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Who is the real wimp, Amy Chua or her husband?

In today’s New York Times, David Brooks makes a great point about Amy Chua’s wrong-headed parenting choices.

When the Tiger Mother starts chewing her cubs, the larger question is why doesn’t the father of the house step in to restore sanity? What sort of father today cedes all child-rearing authority to his wife?

“Extreme parenting” is tyranny and madness. Crushed under the regime of an Amy Chua, a smart child who is well-grounded and self-protective would run away from home.

Even in a happy household, it is every husband’s sacred obligation to protect his children from momentary mood swings of the motherly variety.

Just before dinner when everyone including the dog seems to need a stiff one, Mr. Henry will on rare occasions hear Mrs. Henry carping at Little Henry about some minor transgression normally involving a small sin of omission like not putting something away in its proper place.

In order to reestablish family harmony at these critical junctures, Mr. Henry steps into the breach. First he tells Little Henry to run upstairs and hide until dinner is ready. Then he suggest to Mrs. Henry that a little bite of hors d’oeuvres might hit the spot. Then – and this is key – he refuses to engage in a fight with her no matter what.

Once dinner has begun to work its magic and conversation begins to wander merrily, all will be well.

Pat-down, ma’am

In this Western ski village where the skies are not cloudy all day (sometimes there is snow, too), Mr. Henry has been having fun teasing his adored consort each time the ski-bum waiter addresses her as “ma’am.”

But today the little dude-boy addressed Mr. Henry as “sir” –  not once, but three times. Cheek!

Riding the ski lift chair, Mrs. Henry struck up conversation with a teen girl from a prairie state. “Because of my knee injury last year,” said Mrs. Henry, “this year we’re taking it easy and staying on the green runs.”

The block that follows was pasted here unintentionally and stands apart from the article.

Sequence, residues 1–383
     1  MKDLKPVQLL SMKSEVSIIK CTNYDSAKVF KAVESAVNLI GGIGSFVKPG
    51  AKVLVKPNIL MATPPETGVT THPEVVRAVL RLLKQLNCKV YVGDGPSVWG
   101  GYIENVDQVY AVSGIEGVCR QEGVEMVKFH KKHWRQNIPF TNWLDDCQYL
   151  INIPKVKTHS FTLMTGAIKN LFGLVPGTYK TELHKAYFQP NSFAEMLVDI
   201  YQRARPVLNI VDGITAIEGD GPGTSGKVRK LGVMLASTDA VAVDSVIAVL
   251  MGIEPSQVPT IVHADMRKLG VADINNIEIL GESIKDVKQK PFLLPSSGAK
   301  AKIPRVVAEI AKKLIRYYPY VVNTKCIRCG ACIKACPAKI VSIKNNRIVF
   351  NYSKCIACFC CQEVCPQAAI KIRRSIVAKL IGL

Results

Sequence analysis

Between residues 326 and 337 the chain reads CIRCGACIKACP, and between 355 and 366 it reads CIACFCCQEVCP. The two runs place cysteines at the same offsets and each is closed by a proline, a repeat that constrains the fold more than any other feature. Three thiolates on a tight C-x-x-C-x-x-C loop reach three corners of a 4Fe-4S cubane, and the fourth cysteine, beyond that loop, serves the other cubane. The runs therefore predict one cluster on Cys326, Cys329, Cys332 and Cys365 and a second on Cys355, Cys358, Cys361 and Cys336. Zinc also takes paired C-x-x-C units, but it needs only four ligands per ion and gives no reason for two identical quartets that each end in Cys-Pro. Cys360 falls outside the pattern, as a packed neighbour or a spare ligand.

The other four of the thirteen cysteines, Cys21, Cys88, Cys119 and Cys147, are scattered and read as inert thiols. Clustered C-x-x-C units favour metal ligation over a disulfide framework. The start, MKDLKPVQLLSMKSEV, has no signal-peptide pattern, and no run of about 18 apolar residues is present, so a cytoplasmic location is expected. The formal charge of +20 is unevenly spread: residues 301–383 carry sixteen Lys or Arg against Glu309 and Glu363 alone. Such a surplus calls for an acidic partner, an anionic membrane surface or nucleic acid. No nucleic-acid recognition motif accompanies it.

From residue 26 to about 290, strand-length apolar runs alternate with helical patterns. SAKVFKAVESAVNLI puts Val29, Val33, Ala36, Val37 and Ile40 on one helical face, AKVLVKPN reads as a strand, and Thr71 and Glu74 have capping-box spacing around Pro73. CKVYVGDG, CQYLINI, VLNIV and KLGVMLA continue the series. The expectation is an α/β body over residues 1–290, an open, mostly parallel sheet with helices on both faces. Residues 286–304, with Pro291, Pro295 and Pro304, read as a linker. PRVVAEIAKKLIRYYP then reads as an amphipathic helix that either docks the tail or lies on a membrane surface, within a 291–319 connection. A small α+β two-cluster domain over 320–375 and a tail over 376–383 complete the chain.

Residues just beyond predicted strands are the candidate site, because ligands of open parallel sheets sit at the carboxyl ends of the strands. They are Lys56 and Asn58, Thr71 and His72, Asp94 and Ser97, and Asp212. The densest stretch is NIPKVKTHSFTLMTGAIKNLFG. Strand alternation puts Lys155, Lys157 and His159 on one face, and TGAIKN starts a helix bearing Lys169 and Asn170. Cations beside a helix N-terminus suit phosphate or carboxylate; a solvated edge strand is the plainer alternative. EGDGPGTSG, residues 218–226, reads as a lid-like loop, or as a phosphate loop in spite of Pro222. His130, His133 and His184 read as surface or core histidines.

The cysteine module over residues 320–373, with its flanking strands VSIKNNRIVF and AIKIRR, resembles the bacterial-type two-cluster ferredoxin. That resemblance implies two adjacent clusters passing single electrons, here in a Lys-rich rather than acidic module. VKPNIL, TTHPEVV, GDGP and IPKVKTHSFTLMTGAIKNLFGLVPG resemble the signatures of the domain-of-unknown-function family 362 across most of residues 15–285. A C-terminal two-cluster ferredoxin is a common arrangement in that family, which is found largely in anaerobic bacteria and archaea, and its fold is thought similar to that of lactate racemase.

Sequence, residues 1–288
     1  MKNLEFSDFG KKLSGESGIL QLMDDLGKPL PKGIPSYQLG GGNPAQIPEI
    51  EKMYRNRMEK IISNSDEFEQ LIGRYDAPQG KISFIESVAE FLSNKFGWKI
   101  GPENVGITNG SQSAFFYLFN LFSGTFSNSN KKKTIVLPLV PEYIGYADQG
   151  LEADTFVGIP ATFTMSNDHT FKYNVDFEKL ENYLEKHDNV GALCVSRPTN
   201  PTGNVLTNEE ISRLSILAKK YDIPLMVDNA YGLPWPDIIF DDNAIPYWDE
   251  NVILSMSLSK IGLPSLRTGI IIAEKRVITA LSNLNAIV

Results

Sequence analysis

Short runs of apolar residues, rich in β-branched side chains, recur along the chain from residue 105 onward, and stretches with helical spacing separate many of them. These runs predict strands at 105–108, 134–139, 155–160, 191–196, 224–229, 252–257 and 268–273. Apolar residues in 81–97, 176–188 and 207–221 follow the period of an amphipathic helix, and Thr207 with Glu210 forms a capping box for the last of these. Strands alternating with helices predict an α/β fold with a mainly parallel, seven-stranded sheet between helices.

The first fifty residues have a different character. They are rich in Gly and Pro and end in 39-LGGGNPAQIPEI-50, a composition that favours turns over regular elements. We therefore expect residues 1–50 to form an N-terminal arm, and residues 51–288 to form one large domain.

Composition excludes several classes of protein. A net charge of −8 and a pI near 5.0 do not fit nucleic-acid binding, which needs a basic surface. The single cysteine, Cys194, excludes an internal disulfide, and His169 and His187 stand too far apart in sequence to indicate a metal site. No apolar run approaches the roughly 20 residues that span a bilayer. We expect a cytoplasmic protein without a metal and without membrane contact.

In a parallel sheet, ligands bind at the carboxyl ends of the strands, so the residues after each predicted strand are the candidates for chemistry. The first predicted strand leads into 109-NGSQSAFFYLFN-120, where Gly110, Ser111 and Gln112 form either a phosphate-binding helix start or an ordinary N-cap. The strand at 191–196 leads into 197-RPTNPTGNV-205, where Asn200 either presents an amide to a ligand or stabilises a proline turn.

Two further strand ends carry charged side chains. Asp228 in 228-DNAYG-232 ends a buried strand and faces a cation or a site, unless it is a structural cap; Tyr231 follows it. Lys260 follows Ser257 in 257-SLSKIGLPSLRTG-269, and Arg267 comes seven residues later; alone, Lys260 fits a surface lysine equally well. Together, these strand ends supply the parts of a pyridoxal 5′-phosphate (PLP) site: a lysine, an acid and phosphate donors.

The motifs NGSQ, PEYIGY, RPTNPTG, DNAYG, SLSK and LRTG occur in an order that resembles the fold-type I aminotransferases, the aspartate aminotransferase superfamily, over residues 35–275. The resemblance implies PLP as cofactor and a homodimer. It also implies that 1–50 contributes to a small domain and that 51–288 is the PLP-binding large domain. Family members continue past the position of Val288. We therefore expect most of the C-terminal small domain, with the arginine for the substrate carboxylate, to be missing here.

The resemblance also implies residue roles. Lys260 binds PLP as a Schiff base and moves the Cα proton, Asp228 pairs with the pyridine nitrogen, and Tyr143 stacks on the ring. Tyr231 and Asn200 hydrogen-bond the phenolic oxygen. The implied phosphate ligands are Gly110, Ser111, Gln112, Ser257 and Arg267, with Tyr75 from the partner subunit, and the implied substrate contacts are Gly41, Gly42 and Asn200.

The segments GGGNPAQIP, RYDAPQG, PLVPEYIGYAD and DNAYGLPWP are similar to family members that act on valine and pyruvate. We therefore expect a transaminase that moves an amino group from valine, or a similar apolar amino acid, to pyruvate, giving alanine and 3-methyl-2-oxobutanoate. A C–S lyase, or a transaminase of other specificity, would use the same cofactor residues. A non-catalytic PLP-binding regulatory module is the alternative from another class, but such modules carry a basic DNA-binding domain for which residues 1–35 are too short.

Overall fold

“Oh,” replied the precious young thing, “I think you’re doing real good. My granner and granpa can’t even get out the house anymore!”

Such kind words. Such generosity of spirit. Aren’t the holidays wonderful?

Somehow Mrs. Henry survived the holidays and her milestone birthday with her amour propre intact and, importantly, with her girlish figure intact, too. After much hand-wringing over the appropriate gift, Mr. Henry chose a camel-colored (“heather acorn”) cashmere cardigan from J. Crew. (Something to wear against the skin seemed to be the right choice.) Inside the sweater he hid a Michelin map of the Benelux countries – a promised trip to Bruges, Ghent, and Antwerp. She loved it.

Mr. Henry finally decided what he wants for Christmas – a TSA uniform. Wearing it he can command Mrs. Henry to stand perfectly still for a pat-down. Federal regulations, ma’am.

That special thing for her

A milestone birthday is imminent for Mrs. Henry. At her last milestone, Mr. Henry conspired with 80 people to throw her a surprise party. It was successful, that is, Mrs. Henry arrived in baggy sweatpants and torn T-shirt. But the enormous effort, secrecy, lies, whispers, lies and more lies were not worth the pay-off.

From this experience Mr. Henry learned the bitter life lesson that, while it may be possible to cheat on your wife, the effort required to get away scot-free is honestly too great.

This time he intends to buy her a special gift, a cherished memento of the day, something particularly suitable to her taste (like Shari’s Berries), her sense of self, and our matrimonially-entwined budget. It cannot be a promise of a trip to Bruges, a renovation to the bathroom, or even a week at the Chiang Mai Four Seasons Hotel which no mere mortal can afford.

It must be a thing wrapped up in a pretty box presented lovingly at the birthday dinner. But what? Failure looks inevitable.

Things not to get your sweetie:

1. Scanty panties. They convey expectations of limitless pleasure – but not necessarily for her.

2. Diamonds. They convey the wrong impression about the appropriate use of one’s limited means and, by the way, they are horrible investment vehicles.

3. Power tools. They convey imputations of hard work left undone.

4. Promises such as:

a.     trips abroad
b.     home renovations
c.     weight loss diets
d.     cello lessons

Mr. Henry needs help soon. He entreats your suggestions.